MARILU HASTINGS is chief innovation and strategy officer (CISO) for the Cynthia and George Mitchell Foundation (CGMF) in Austin. She is the former vice president, sustainability programs at CGMF. As CISO of the foundation, Ms. Hastings is strategic philanthropic advisor to the board, CEO, and program staff with the charge to take an entrepreneurial approach that complements the work of the foundation’s core programs and mission by identifying and seeding emergent, disruptive, and breakthrough sustainability solutions and opportunities. She also directs CGMF’s Mitchell Innovation Lab and Philanthropy Accelerator, a varied portfolio of breakthrough sustainability ideas and opportunities that the foundation develops and incubates. Ms. Hastings convenes high-profile, collaborative efforts to promote Texas’s transition to sustainability, including initiatives to protect habitat and species from energy sprawl, address ongoing drought and water management challenges, foster sustainability education curriculum and practices, and adopt clean energy policies. She is also a sought-after strategic and organizational-development advisor to non-profit organizations, foundations, and academic organizations. Prior to the foundation, Ms. Hastings held leadership positions from 1996 to 2008 at the Houston Advanced Research Center, a non-profit research organization founded by George P. Mitchell. She is a member of the Energy Institute Advisory Board of the University of Texas at Austin; a member of the Advisory Board of the Bureau of Economic Geology at the University of Texas at Austin; a member of the Science Advisory Board of the Environmental Law and Policy Center in Chicago; and a trustee of the Regional Endowment for Sustainability Science. Ms. Hastings earned a Bachelor of Arts in economics and political science from Duke University, an MBA from the University of Texas at Austin, and a Master of Public Affairs from the University of Texas at Austin.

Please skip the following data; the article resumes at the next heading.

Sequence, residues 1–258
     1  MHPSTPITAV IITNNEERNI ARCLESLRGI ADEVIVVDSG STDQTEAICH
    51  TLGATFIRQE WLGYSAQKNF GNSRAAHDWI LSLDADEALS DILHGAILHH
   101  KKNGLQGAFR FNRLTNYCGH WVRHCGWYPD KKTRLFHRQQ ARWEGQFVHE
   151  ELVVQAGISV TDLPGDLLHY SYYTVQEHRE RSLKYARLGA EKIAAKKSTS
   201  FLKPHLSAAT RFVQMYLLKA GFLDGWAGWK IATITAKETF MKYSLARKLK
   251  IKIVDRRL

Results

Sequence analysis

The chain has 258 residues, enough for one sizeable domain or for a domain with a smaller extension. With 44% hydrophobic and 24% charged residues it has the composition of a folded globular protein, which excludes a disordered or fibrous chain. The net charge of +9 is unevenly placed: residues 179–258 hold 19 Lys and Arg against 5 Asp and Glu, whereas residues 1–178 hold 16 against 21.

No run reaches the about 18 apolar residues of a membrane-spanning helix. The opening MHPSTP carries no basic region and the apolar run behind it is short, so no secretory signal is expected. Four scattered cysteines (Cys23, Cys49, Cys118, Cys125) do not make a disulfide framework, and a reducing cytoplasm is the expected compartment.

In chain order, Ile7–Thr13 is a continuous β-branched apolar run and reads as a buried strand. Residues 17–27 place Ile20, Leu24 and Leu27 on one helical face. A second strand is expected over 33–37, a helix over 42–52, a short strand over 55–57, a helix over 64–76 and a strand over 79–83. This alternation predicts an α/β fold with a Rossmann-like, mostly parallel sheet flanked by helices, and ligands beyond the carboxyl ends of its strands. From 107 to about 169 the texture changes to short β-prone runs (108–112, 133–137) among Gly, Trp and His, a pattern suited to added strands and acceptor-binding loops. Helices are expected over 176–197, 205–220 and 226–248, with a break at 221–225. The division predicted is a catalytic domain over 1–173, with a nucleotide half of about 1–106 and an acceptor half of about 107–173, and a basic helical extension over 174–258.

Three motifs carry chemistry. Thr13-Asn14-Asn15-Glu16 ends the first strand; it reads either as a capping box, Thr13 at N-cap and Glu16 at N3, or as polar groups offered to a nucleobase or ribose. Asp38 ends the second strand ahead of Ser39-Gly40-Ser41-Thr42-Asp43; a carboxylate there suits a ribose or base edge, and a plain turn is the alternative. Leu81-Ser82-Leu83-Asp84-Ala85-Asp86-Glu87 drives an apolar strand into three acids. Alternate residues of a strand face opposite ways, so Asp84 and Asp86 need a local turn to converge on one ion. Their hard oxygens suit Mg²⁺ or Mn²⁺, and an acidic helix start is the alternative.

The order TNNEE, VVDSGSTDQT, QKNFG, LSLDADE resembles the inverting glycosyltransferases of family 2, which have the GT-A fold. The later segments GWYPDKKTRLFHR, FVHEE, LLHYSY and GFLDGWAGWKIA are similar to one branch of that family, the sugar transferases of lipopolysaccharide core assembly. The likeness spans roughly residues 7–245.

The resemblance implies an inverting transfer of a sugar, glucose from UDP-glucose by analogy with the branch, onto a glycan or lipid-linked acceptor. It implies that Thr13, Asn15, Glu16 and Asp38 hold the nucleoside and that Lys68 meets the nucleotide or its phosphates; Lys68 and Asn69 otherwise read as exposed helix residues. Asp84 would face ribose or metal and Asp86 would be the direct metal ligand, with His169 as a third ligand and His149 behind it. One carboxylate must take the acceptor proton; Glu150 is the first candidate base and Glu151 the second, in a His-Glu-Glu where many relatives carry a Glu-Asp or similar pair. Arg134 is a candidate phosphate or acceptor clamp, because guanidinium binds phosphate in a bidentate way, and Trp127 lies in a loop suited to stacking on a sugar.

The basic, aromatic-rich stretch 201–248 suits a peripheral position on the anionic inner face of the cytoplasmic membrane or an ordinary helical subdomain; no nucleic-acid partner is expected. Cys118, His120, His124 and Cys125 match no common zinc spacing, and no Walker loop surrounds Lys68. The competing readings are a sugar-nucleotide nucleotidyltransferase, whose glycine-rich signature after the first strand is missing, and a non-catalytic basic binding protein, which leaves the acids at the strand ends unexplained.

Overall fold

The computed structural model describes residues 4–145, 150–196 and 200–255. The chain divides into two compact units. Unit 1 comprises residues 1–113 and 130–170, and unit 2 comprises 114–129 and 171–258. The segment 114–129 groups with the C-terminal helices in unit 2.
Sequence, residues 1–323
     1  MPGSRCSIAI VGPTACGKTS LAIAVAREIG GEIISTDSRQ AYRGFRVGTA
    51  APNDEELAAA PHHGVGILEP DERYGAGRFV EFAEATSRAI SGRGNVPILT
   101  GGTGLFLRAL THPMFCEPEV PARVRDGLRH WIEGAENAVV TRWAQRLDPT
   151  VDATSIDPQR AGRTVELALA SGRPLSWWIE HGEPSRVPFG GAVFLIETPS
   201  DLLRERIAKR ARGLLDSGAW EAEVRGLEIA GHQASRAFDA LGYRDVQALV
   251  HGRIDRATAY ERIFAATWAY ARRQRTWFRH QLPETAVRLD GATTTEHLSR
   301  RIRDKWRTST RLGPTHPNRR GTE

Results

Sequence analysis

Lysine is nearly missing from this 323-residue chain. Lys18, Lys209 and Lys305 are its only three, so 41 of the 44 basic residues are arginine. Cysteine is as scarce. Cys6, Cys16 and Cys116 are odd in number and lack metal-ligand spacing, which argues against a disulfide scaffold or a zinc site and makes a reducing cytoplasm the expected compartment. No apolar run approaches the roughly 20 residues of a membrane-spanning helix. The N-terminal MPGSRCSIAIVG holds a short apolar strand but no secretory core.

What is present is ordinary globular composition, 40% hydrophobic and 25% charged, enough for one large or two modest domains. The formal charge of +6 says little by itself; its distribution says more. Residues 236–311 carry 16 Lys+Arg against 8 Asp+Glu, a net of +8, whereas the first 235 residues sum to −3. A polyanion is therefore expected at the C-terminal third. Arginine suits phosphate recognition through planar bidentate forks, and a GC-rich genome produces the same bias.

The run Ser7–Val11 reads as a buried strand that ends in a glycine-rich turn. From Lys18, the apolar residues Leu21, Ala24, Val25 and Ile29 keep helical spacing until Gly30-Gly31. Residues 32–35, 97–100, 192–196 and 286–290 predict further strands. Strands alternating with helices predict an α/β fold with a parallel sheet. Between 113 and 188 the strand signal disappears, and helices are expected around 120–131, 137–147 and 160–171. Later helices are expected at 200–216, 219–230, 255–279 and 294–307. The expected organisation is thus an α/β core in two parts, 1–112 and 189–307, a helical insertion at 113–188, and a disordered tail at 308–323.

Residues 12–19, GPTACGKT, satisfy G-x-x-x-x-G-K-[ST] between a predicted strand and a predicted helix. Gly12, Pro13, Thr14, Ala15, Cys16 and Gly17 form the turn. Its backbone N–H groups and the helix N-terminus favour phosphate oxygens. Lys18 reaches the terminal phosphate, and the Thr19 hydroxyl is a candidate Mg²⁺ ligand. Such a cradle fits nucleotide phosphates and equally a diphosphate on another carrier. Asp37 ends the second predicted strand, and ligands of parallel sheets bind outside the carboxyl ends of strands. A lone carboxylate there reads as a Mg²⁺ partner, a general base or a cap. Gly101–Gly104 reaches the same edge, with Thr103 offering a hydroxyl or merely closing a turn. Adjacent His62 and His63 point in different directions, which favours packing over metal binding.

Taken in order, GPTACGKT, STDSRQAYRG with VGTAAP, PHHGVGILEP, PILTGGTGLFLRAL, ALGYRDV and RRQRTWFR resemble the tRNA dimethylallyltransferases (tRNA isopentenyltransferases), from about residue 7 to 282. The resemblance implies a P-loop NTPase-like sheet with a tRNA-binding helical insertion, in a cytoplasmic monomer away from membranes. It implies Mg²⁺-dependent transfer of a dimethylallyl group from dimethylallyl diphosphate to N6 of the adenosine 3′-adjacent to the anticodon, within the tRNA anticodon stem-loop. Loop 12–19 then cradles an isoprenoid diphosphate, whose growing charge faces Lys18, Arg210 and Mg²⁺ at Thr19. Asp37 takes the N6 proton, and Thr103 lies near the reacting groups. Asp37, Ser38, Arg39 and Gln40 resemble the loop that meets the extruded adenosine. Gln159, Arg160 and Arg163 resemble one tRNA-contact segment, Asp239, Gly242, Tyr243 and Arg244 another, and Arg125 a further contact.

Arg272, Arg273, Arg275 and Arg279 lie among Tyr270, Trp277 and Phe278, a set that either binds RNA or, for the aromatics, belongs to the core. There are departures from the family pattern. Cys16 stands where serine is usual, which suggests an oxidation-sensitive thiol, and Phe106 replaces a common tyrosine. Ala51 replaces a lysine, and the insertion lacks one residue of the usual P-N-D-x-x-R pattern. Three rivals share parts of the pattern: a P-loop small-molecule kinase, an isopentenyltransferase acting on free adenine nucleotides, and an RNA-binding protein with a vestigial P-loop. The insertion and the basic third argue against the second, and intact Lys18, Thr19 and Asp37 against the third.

Kara Hurst
KARA HURST leads Worldwide Sustainability at Amazon. In that role, she is responsible for renewable energy and energy efficiency, Frustration Free Packaging programs and customer packaging experience, circular economy, social responsibility, sustainability science and innovation, and sustainable transportation. Prior to joining Amazon, Ms. Hurst was Chief Executive Officer of The Sustainability Consortium, named one of Scientific American’s “Top Ten World Changing Ideas” of 2012. For eleven years before that, Hurst worked at Business for Social Responsibility (BSR), serving in her last role as Vice President of BSR, building several global industry practices and leading BSR’s New York and Washington, DC offices, as well the global partnership practice with governments, multilaterals and foundations. Ms. Hurst co-founded the Electronic Industry Citizenship Coalition (now the Responsible Business Alliance). Ms. Hurst has also worked in Silicon Valley as Executive Director of the public-private venture OpenVoice and at the Children’s Health Council. In her early career, she held roles at the Urban Institute as a Research lead and worked for two elected officials – Mayor Willie Brown of San Francisco and in New York for the late Senator Daniel Patrick Moynihan (D-NY). Ms. Hurst holds a B.A. from Barnard College of Columbia University and an M.P.P. from the University of California, Berkeley.
Gary E. Machlis